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Early prediction of in-hospital mortality of patients with hemoptysis: an approach to defining severe hemoptysis.

BACKGROUND: The severity of hemoptysis is usually assessed on the amount of blood expectorated, although no threshold has been agreed upon. Respiratory or hemodynamic failures are additional severity criteria but occur in few cases.

OBJECTIVES: Early identification of the in-hospital mortality determinants might be helpful to best characterize severe hemoptysis.

METHODS: This is a retrospective cohort study of consecutive patients with hemoptysis admitted to the ICU of a teaching hospital during a 14-year period. The model for early prediction of in-hospital mortality was developed on a derivation sample (67% of patients) using multiple logistic regression. Calibration and discrimination of the model were tested using the remaining validation sample. A scoring system was developed for clinical use.

RESULTS: The in-hospital mortality of the 1,087 patients (age 54 years, 71% male) was 6.5% (95% CI 5-8). Chronic alcoholism, cancer or aspergillosis, pulmonary artery involvement, infiltrates involving two quadrants or more on the admission radiograph, and mechanical ventilation at referral predicted independently mortality. The model showed good concordance between predicted and observed probabilities of death and good discrimination (receiver operating characteristic curve area 0.87; 95% CI 0.82-0.92). The model-based score (chronic alcoholism, pulmonary artery involvement, and radiographic patterns, 1 point each; cancer, aspergillosis, and mechanical ventilation, 2 points each) predicted the probability of death as follows: score 0, 1%; score 1, 2%; score 2, 6%; score 3, 16%; score 4, 34%; score 5, 58%; score 6, 79%, and score 7, 91%.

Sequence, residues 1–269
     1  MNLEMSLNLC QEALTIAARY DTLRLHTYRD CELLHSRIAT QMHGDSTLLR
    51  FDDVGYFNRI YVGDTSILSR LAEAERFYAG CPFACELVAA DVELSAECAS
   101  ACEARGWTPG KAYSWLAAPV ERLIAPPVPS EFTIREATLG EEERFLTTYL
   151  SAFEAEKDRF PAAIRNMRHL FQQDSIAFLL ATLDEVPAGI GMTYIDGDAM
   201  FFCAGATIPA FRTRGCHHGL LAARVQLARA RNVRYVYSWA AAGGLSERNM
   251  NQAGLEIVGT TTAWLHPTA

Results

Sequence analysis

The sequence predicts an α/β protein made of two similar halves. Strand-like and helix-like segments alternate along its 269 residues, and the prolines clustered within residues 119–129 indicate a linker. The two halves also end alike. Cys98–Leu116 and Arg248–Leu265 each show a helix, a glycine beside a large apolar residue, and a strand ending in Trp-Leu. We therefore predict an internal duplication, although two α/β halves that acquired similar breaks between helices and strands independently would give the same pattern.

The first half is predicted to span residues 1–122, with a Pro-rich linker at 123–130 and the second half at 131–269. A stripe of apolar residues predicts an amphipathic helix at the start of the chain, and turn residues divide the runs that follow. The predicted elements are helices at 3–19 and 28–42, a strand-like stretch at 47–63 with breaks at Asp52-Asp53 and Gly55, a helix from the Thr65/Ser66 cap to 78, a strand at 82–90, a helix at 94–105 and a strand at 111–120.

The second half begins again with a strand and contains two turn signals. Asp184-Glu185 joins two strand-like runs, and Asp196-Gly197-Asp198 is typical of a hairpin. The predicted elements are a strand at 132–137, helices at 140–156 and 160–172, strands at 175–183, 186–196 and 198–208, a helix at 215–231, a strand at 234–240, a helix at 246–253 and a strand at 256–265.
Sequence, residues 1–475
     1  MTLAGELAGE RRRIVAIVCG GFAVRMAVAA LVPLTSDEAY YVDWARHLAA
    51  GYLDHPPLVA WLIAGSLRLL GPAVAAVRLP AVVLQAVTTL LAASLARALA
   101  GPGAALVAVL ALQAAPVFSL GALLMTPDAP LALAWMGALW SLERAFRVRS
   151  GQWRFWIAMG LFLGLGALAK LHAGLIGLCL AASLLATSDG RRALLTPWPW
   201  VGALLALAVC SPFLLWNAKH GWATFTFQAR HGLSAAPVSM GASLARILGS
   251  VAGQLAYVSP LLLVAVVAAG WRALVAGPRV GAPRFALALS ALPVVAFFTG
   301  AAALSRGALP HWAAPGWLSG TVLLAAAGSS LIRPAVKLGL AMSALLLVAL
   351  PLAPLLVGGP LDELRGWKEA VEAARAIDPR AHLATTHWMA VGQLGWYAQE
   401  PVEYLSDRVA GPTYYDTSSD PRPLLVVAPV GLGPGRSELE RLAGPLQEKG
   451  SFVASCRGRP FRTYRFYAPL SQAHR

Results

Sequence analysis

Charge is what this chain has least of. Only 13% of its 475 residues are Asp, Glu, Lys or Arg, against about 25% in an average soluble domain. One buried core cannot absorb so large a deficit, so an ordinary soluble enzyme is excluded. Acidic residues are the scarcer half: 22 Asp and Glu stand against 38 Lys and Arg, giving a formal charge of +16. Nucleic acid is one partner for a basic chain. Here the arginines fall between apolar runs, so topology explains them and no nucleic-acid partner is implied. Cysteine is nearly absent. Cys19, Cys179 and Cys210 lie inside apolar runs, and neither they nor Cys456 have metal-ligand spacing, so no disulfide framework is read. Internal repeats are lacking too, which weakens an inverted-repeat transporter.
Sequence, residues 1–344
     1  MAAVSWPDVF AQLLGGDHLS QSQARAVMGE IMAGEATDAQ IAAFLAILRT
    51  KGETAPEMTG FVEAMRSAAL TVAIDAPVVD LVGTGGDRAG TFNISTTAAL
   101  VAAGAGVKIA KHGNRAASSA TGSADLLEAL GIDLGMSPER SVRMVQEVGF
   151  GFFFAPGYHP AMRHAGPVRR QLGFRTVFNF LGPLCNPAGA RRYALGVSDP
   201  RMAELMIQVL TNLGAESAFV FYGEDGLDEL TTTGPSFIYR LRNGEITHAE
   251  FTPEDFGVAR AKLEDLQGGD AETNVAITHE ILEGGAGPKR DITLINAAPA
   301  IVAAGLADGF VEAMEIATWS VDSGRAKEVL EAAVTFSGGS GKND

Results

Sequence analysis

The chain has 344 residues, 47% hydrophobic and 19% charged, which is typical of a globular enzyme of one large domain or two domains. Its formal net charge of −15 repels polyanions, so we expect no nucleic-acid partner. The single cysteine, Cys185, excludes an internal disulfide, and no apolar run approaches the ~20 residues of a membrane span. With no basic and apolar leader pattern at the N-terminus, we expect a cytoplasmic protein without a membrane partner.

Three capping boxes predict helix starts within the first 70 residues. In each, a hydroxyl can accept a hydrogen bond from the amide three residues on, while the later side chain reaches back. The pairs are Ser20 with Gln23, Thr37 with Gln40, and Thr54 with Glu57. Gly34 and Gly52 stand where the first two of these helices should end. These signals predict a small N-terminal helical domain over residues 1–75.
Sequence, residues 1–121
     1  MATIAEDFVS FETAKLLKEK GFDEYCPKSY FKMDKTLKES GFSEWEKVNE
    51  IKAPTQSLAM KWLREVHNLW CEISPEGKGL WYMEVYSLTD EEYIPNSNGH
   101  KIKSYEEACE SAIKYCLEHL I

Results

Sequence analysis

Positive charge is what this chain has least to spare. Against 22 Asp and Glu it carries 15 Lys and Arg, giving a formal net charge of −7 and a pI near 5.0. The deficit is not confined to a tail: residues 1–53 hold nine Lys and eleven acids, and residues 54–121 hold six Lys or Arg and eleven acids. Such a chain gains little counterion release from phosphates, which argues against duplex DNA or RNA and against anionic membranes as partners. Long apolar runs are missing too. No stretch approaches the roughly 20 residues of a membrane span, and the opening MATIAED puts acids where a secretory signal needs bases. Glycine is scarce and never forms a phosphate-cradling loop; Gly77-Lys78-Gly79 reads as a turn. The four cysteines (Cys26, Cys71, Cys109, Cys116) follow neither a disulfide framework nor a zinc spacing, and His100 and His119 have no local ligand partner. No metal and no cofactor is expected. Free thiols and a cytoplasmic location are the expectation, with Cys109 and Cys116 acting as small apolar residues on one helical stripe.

CONCLUSIONS: Our results provide useful information about the short-term prognosis of patients with hemoptysis, which could help design therapeutic approaches and management plans according to the risk of in-hospital mortality.

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